Narratives are a very interesting thing, especially in video games. For a game to be successful, a narrative is not required, yet for many developers, their inner author cries out at making an engaging, thought-provoking, and beautiful story that can only be expressed in this interactive medium. I spoke about another narrative masterpiece in What Remains of Edith Finch, and how the interactivity of the tales adds to the trauma and the emotional stakes that are brought to the table.
If On A Winter’s Night, Four Travelers is a point-and-click narrative game, in which you live through the tales of 3 people aboard a train, taking part in a bizarre masquerade ball, the oddity of which is only amplified when it is revealed that none of them remember arriving there, nonetheless, the stories of the 3 characters are told to Laylah, the fourth, and all merely just remark how bizarre it all is.
I will try to keep the spoilers to a minimum, but sometimes they’re unavoidable.
The writing is incredible, as it should be when the largest influence of the entire game is If On A Winter’s Night A Traveler by Italo Calvino. Even the beginning on a train is a direct reference to the novel (read it, it’s quirky and fun). However, it explores the prospect of a frame story in a marvelous manner, with each tale being more windingly intense than the last. There’s a lot to unpick from the classical musical references, the literary nods, and the religious themes, but going in blind to all of this will not hinder your experience in the slightest. Laura Hunt (the writer) does a fantastic job here.
The artwork is by Thomas Möhring, and is beautiful. The pixel art style is a lovely throwback to games of yesteryear, and it scales easily to titles like The Darkside Detective. The backgrounds are rendered really well, and the pixelation doesn’t mask any of the creepy details. A particular favourite scene is the Sunken Library in Act 3.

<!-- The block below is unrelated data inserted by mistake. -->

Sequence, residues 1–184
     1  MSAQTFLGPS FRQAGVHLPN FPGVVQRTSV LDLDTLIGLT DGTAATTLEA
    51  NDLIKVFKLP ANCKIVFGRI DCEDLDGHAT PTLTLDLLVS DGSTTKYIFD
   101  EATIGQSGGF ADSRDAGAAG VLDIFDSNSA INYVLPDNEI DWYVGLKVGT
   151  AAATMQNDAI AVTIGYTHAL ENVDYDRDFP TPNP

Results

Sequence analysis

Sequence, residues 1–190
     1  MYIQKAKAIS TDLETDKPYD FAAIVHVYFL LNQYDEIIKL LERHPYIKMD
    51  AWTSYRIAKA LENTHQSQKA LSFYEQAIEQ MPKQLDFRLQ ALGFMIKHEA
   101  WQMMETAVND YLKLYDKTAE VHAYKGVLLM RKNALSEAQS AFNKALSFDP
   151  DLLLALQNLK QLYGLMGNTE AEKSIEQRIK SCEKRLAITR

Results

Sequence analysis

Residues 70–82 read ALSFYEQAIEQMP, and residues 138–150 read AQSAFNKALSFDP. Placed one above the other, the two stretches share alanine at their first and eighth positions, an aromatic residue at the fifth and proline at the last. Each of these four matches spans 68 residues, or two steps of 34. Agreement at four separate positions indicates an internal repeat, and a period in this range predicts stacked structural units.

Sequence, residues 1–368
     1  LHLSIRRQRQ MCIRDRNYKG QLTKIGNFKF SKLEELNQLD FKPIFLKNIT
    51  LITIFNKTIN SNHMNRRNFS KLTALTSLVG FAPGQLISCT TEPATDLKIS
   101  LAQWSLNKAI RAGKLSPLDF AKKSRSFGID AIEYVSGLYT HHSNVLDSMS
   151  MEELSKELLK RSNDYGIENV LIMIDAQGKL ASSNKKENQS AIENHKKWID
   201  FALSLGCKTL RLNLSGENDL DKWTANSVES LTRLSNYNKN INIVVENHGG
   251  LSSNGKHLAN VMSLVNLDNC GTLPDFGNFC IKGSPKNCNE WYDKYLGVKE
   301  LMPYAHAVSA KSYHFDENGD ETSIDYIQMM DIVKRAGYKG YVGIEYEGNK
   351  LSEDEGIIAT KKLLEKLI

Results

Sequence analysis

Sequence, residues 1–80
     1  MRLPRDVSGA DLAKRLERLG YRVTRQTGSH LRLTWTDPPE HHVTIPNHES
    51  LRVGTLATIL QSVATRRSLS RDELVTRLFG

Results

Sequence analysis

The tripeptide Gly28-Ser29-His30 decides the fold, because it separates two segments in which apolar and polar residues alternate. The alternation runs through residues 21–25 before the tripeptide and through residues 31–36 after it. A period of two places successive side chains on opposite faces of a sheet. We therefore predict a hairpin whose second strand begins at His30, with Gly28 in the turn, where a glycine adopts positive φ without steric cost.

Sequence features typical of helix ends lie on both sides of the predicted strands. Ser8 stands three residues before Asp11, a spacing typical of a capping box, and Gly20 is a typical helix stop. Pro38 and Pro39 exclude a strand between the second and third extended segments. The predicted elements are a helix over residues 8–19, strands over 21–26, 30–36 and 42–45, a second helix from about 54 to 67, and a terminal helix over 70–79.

The sound design is gorgeous, with each sound sounding perfect for the era, and the grainy nature of the recordings, while it could normally be considered a hindrance, works super well for the era the game is set in.
The puzzles are just tricky enough to be challenging, and hints are available if you pay attention to the dialogue or explore the area enough.
The walking animation, while nice, can get extremely tedious. There isn’t an option to run or speed up your walk, so navigating some of the bigger rooms (like the Mansion) can take some time. This is a nitpick as many people won’t find this to be an issue, but I felt I should mention it for honesty’s sake.
This game is very heavy. There’s a lot of dark themes and imagery present here. Things such as suicide, drug overdose, euthanasia, and self-mutilation are all present here. They do serve the story well, and the narrative wouldn’t be as hard-hitting or powerful without them, however, they can be a lot for some people. So if you’re of a sensitive disposition, please be warned before you pick this game up.
If you enjoy narrative-focused gameplay with heavy themes and some nice droplets of horror, then this game is right up your street. There isn’t a price tag attached, which means that any time spent on this game isn’t at the expense of your wallet.
I can’t wait to see what Dead Idle release next.
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